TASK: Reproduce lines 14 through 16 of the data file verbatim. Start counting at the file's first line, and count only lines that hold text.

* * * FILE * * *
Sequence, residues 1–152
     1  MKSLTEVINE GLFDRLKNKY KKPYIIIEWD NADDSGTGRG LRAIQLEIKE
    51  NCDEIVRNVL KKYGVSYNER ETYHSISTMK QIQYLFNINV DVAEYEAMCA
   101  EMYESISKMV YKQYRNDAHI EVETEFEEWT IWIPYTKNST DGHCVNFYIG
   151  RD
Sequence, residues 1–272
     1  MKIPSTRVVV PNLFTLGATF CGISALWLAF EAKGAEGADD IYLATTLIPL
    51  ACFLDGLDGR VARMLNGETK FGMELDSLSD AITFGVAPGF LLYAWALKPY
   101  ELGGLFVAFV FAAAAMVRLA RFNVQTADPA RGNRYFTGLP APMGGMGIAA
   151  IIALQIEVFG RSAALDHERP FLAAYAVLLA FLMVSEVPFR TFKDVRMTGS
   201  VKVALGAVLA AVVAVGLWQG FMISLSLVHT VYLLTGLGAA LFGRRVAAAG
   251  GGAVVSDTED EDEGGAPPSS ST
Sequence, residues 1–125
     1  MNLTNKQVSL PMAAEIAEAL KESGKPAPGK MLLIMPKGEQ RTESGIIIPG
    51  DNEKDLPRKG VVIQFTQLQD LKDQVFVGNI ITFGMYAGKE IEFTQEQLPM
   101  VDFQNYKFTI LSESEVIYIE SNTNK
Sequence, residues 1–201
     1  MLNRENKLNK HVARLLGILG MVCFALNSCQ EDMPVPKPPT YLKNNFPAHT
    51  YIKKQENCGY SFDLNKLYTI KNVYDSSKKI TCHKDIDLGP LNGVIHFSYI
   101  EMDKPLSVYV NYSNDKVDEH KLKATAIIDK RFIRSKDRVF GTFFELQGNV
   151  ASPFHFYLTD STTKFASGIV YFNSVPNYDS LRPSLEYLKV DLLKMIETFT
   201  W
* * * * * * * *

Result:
     1  MNLTNKQVSL PMAAEIAEAL KESGKPAPGK MLLIMPKGEQ RTESGIIIPG
    51  DNEKDLPRKG VVIQFTQLQD LKDQVFVGNI ITFGMYAGKE IEFTQEQLPM
   101  VDFQNYKFTI LSESEVIYIE SNTNK